Document Type

Article

Publication Date

2020

DOI

10.3389/fcell.2020.00554

Publication Title

Frontiers in Cell and Developmental Biology

Volume

8

Issue

544

Pages

21 pp.

Abstract

Ticks secrete various anti-coagulatory, anti-vasoconstrictory, anti-inflammatory, and anti-platelet aggregation factors in their saliva at the bite site during feeding to evade host immunological surveillance and responses. For the first time, we report successful isolation of exosomes (small membrane-bound extracellular signaling vesicles) from saliva and salivary glands of partially fed or unfed ixodid ticks. Our data showed a novel role of these in vivo exosomes in the inhibition of wound healing via downregulation of C-X-C motif chemokine ligand 12 (CXCL12) and upregulation of interleukin-8 (IL-8). Cryo-electron microscopy (cryo-EM) analysis revealed that tick saliva and salivary glands are composed of heterogeneous populations of in vivo exosomes with sizes ranging from 30 to 200 nm. Enriched amounts of tick CD63 ortholog protein and heat shock protein 70 (HSP70) were evident in these exosomes. Treatment of human skin keratinocytes (HaCaT cells) with exosomes derived from tick saliva/salivary glands or ISE6 cells dramatically delayed cell migration, wound healing, and repair process. Wound healing is a highly dynamic process with several individualized processes including secretion of cytokines. Cytokine array profiling followed by immunoblotting and quantitative-PCR analysis revealed that HaCaT cells treated with exosomes derived from tick saliva/salivary glands or ISE6 cells showed enhanced IL-8 levels and reduced CXCL12 loads. Inhibition of IL-8 or CXCL12 further delayed exosome-mediated cell migration, wound healing, and repair process, suggesting a skin barrier protection role for these chemokines at the tick bite site. In contrast, exogenous treatment of CXCL12 protein completely restored this delay and enhanced the repair process. Taken together, our study provides novel insights on how tick salivary exosomes secreted in saliva can delay wound healing at the bite site to facilitate successful blood feeding.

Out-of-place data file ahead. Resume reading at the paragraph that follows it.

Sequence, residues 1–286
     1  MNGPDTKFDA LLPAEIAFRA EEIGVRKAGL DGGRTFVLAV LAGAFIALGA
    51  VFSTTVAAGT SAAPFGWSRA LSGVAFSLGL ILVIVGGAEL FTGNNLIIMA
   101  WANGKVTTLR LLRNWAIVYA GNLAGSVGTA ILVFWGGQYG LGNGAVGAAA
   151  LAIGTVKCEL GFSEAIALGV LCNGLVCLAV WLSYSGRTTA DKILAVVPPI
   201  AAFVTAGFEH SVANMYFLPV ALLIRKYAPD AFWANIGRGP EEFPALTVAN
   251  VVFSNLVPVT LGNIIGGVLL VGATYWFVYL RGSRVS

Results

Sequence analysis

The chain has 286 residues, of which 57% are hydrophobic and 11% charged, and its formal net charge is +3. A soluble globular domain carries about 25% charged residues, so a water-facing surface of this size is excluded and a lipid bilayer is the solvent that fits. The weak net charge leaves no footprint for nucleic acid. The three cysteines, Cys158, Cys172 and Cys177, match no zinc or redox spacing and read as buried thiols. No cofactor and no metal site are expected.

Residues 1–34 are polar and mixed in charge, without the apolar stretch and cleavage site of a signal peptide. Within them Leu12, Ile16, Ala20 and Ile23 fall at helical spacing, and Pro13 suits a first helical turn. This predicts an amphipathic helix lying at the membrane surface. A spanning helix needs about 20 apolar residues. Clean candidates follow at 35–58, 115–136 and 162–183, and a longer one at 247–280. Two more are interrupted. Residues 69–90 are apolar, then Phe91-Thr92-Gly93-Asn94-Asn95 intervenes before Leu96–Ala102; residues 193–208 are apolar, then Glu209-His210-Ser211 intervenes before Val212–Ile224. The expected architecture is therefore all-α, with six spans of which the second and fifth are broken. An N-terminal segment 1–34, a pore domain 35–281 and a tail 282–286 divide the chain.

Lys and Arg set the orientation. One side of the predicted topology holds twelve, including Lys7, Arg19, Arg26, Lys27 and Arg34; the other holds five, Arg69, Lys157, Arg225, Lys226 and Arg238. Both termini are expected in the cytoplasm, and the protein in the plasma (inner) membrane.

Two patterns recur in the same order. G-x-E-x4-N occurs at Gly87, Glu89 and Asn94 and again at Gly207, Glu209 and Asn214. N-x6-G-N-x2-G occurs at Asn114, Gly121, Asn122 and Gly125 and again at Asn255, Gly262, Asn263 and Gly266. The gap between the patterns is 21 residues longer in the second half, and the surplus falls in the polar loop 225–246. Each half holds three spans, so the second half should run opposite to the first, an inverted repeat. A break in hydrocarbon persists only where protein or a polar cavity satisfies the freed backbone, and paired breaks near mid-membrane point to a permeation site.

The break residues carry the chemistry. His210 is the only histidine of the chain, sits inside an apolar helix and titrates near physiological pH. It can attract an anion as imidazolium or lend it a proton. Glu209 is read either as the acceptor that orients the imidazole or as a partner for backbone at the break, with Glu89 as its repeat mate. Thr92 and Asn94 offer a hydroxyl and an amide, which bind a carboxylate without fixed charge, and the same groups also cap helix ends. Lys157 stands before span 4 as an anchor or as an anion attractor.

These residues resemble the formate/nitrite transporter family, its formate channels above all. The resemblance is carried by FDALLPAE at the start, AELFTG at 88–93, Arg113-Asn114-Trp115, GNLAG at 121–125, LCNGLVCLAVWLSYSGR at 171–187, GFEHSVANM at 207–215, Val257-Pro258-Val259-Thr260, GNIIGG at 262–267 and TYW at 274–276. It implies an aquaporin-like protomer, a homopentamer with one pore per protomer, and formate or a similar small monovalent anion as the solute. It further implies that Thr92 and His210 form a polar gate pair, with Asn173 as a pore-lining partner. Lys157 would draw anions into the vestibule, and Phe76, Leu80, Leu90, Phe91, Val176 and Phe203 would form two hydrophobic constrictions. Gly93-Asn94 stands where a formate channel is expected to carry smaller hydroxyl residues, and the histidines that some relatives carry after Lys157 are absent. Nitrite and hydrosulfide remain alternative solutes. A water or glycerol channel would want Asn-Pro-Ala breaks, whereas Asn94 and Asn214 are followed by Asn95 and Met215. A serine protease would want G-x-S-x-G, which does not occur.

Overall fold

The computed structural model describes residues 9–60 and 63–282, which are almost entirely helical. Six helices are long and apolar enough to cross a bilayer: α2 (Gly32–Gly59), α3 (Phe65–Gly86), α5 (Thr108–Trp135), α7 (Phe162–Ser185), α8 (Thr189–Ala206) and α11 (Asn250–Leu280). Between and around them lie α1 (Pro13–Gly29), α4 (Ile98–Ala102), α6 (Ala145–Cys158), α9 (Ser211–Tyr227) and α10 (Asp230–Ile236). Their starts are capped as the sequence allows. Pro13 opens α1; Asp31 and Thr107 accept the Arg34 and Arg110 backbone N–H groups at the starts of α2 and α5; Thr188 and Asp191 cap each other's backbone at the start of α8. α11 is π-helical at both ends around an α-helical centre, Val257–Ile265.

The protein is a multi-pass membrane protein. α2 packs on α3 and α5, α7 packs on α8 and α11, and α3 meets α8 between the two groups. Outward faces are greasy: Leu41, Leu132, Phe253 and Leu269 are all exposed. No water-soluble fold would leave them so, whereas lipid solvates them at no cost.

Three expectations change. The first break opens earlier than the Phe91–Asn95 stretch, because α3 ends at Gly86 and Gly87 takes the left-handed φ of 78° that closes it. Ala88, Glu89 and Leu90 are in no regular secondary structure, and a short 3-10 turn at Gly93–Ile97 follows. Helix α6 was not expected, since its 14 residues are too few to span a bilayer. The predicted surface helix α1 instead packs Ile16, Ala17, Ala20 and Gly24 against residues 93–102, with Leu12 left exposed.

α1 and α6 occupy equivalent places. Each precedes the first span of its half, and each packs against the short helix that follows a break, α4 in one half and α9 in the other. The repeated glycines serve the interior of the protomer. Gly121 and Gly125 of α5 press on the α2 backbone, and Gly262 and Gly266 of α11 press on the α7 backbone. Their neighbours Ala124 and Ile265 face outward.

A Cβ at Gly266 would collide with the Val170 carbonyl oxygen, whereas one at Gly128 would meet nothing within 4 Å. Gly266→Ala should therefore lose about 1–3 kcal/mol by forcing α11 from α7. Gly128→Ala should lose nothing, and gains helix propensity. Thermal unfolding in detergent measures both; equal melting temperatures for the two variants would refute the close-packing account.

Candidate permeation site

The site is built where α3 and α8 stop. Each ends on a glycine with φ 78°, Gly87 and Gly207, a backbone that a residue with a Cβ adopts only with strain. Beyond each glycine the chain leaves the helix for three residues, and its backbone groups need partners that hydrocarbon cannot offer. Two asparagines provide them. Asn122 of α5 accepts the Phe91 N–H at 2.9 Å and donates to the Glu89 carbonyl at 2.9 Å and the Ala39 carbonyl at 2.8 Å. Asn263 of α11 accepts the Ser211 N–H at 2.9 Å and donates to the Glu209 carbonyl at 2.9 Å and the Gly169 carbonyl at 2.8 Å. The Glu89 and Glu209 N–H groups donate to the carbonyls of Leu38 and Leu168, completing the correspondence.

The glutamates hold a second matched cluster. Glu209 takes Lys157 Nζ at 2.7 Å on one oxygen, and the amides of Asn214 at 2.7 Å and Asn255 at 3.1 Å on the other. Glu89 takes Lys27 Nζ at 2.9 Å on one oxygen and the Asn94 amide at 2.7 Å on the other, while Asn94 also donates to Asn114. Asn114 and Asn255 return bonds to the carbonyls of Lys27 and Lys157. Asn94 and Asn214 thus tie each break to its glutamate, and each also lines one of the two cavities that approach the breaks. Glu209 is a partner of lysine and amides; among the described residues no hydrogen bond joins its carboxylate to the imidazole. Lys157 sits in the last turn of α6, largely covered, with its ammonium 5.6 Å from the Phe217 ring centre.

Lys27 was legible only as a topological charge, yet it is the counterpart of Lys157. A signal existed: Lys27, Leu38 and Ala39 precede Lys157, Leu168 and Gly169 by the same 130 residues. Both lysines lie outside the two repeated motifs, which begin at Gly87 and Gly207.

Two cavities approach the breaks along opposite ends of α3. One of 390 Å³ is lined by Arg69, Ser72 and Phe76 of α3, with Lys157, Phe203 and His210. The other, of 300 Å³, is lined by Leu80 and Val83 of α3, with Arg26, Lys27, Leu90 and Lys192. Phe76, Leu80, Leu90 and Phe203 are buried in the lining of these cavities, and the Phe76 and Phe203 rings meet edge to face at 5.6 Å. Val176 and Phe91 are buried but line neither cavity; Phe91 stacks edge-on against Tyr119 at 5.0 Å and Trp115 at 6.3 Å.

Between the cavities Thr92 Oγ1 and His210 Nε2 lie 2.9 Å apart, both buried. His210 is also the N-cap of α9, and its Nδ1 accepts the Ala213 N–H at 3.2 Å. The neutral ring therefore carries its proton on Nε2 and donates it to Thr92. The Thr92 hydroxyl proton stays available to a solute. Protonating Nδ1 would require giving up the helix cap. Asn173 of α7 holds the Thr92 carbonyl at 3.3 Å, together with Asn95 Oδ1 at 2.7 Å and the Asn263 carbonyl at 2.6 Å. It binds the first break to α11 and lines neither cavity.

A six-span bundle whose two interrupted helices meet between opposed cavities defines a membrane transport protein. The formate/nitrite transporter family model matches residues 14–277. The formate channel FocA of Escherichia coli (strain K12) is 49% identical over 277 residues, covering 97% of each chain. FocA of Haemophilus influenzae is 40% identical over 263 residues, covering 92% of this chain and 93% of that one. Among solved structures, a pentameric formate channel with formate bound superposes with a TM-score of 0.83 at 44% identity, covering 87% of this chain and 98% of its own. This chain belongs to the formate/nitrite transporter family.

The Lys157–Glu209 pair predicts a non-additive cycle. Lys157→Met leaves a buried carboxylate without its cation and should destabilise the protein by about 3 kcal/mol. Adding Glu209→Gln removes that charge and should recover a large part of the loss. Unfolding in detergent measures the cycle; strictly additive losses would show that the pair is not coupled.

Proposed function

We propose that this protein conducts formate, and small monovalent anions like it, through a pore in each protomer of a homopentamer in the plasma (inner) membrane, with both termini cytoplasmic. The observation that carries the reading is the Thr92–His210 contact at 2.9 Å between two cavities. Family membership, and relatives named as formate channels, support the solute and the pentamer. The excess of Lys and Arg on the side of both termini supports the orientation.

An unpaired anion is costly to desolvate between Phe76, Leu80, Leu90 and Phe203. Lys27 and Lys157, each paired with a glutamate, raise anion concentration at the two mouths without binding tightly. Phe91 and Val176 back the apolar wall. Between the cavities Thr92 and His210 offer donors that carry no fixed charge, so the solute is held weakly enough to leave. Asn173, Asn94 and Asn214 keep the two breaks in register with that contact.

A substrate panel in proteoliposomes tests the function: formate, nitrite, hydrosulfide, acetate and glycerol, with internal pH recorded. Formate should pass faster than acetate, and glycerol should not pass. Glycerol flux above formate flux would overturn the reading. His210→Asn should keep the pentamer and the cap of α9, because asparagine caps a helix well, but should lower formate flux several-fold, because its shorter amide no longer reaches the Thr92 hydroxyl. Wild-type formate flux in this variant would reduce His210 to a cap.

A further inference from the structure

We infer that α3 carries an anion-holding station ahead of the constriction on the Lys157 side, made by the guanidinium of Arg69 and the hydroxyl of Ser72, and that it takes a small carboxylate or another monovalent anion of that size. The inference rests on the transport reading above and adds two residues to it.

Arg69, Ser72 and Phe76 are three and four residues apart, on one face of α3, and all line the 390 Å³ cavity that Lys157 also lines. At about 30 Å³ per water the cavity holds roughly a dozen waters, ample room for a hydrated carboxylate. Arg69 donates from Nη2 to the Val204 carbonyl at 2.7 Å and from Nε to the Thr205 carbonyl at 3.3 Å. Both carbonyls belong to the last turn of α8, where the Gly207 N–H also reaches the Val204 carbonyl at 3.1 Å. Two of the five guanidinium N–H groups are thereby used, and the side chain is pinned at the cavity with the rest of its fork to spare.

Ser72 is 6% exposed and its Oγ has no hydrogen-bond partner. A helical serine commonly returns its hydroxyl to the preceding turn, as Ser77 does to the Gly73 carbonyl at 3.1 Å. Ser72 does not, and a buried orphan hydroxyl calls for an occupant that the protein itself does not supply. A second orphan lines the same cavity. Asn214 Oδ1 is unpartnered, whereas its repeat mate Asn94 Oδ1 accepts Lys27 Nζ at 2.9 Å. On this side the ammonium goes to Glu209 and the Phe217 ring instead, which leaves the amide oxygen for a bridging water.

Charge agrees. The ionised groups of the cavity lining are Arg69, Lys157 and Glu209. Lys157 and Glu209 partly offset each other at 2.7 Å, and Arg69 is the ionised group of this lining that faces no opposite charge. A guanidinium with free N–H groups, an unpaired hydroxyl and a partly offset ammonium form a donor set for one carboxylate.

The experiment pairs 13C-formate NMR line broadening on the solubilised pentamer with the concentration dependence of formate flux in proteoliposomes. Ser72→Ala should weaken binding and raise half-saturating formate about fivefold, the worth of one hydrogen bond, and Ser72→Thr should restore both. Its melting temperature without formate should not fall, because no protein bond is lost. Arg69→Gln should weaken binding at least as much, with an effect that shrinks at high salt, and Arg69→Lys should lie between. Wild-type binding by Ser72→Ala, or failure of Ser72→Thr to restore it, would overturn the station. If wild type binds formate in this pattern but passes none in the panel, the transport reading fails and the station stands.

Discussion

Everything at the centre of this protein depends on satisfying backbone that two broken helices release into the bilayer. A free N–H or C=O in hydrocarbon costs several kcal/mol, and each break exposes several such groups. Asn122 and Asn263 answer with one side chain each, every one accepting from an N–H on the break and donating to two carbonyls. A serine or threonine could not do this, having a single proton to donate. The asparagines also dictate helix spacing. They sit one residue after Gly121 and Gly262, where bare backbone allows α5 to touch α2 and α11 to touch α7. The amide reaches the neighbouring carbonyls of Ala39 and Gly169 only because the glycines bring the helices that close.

Comments

This is an open-access article distributed under the terms of the Creative Commons Attribution License (CC BY). The use, distribution or reproduction in other forums is permitted, provided the original author(s) and the copyright owner(s) are credited and that the original publication in this journal is cited, in accordance with accepted academic practice. No use, distribution or reproduction is permitted which does not comply with these terms.

Original Publication Citation

Zhou, W., Tahir, F., Wang, J. C., Woodson, M., Sherman, M. B., Karim, S., Neelakanta, G., & Sultana, H. (2020). Discovery of exosomes from tick saliva and salivary glands reveals therapeutic roles for CXCL12 and IL-8 in wound healing at the tick-human skin interface. Frontiers in Cell and Developmental Biology, 8(554). https://doi.org/10.3389/fcell.2020.00554

ORCID

0000-0002-2820-2507 (Zhou)

Share

Article Location

 
COinS